October 30, 2009
Contact:
Emerson Brown, NPR


   

NEW CHICAGO CUBS BOARD CHAIR TOM RICKETTS
SHARES IDEAS FOR IMPROVING FRANCHISE
ON NPR NEWS' WEEKEND EDITION, SATURDAY, OCTOBER 31


EXCERPTS BELOW; AUDIO TO BE AVAILABLE SATURDAY AT 10AM AT NPR.org

October 30, 2009; Washington, D.C. – In his first national broadcast interview since his family completed their purchase of the Chicago Cubs, the franchise's new board chairman Tom Ricketts tells host Scott Simon on NPR News' Weekend Edition that he plans to retain the team's management, saying of General Manager Jim Hendry and Manager Lou Piniella: "Jim has done a good job of kind of bringing the team up to the level that they are at," and "Lou is one of the best managers in baseball." The exclusive interview with Ricketts will air tomorrow, Saturday, October 31 on NPR News' Weekend Edition. Excerpts of the interview are below; the full audio will be available Saturday at 10AM (ET) at NPR.org, where there is a companion story now: www.npr.org/templates/story/story.php?storyId=114283287

Though the Ricketts family currently has no plans to shake up management, in the interview with Simon the new chairman shares many ideas about how to improve the franchise, including developing property adjacent to Wrigley Field, how family ownership benefits fans and using the Boston Red Sox as a model for both rehabbing a landmark vintage ballpark and turning a losing club into a winner. Excerpts from the interview follow:

On why he wants Piniella to stay on as manager, Ricketts says: "We think Lou is one of the best managers in baseball. He has an option to return next year, and from what I understand, I think he is planning to."

Asked about the future of Wrigley Field, he states: "First of all, we want this to be the best franchise in baseball, and you can’t be a world-class franchise and have third-class facilities.” He goes on to say that “there is land that is just adjacent to the stadium, along Clark Street, that the team owns and we intend to develop that into a part of the stadium, that will give fans more options on game day, but as importantly free up space inside of the stadium to build in some of the clubhouse functionality that other teams enjoy."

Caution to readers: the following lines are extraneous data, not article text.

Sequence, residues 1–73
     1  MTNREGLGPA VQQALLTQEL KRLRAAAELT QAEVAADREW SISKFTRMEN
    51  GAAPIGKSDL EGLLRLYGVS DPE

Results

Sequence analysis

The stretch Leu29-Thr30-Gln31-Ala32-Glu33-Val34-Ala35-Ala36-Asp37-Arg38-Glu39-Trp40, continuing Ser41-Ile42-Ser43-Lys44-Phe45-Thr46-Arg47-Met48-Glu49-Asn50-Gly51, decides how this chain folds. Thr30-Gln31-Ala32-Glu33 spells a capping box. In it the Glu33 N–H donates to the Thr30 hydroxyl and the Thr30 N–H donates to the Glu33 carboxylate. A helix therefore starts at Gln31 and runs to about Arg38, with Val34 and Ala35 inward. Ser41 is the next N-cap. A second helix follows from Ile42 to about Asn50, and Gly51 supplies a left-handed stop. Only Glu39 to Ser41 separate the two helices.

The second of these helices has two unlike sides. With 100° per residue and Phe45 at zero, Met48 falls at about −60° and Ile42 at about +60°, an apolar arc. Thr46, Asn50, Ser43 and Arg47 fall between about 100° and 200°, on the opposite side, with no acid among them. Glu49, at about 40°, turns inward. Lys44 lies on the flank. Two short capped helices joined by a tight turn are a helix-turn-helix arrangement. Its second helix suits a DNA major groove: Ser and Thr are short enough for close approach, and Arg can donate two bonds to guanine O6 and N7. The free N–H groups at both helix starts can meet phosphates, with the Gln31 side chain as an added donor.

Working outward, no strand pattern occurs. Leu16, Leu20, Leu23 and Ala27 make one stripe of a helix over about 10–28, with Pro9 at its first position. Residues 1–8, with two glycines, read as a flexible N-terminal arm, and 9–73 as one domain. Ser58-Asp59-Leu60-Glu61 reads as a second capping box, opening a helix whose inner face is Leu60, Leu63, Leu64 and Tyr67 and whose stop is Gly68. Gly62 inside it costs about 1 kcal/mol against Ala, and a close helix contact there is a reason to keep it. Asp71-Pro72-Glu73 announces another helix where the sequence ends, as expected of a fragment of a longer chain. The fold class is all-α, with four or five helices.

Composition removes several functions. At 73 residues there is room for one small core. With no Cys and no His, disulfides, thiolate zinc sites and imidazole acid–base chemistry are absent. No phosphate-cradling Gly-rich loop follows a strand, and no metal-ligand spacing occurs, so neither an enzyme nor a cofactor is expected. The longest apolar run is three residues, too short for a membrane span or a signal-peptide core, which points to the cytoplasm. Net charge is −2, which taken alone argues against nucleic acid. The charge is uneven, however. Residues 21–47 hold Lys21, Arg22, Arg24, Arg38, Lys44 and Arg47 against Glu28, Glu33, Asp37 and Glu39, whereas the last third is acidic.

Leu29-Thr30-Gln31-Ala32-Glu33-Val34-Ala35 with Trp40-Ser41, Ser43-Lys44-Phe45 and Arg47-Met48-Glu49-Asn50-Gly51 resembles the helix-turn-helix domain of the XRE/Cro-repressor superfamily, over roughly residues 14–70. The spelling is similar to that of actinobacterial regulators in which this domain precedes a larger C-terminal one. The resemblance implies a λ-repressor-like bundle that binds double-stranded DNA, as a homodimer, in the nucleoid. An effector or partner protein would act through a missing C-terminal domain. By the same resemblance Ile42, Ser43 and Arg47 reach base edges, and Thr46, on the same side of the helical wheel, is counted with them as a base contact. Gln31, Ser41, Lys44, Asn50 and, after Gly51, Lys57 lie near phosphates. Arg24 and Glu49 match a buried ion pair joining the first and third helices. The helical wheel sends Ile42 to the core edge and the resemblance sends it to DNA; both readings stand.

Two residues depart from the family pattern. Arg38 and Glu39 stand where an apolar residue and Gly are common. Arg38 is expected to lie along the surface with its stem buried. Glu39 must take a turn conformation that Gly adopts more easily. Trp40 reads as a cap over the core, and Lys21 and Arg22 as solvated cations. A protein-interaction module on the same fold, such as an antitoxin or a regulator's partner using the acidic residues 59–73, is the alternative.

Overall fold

Even if park improvements cause higher ticket prices, Ricketts says one thing fans "should keep in mind is that with family ownership now, we intend to reinvest all the profits that we can get on the team and put that back into preserving Wrigley Field and to putting a better team on the field. So it's not like it's going away to some kind of corporation and never will be seen again."

On how he wants to build the team, Ricketts says: "Undoubtedly the way to build the long-term winner is through player development. You got to draft the right people and you got to have scouts and coaches that are coordinated and working together to turn the right players into real producers at the major league level. Free agency, I think, is something you look at when you got a hole to fill or when you haven't been able to produce a player from your own system. The real key for consistent performance and trying to win the division every single year is developing our own players."

Asked whether any other sports franchise is a model for the Cubs, he responds: "I think obviously what they've done with Fenway is a good thing for us to look at in terms of how to improve the stadium. Because we really do want to preserve and keep improving the special experience that Wrigley Field is. On the field we also wouldn't mind copying the Red Sox. I think it's time for the team to push forward and to win a World Series."

Asked if he'd welcome Steven Bartman back to Wrigley Field, Ricketts says: "I don't have any issue with him. And on top of that, I think one message that we have out for every fan is let bygones be bygones. What's happened in the past is behind us. There is no curse. There is no Billy Goat, there is none of that stuff. Let's move on. We're one of the best teams in baseball. We will be the best team in baseball going forward. And we just have to look forward, not backward."

All excerpts from the transcript must be credited to NPR News' Weekend Edition. Television usage must include on-screen credit with NPR logo.

Weekend Edition, NPR's weekend morning newsmagazine, is hosted by Scott Simon and Liane Hansen and reaches 5.3 million listeners weekly. The show offers a mix of hard news and cultural stories with care, accuracy and a wink of humor, courtesy of Simon and Hansen. To find local stations and broadcast times, visit www.NPR.org/stations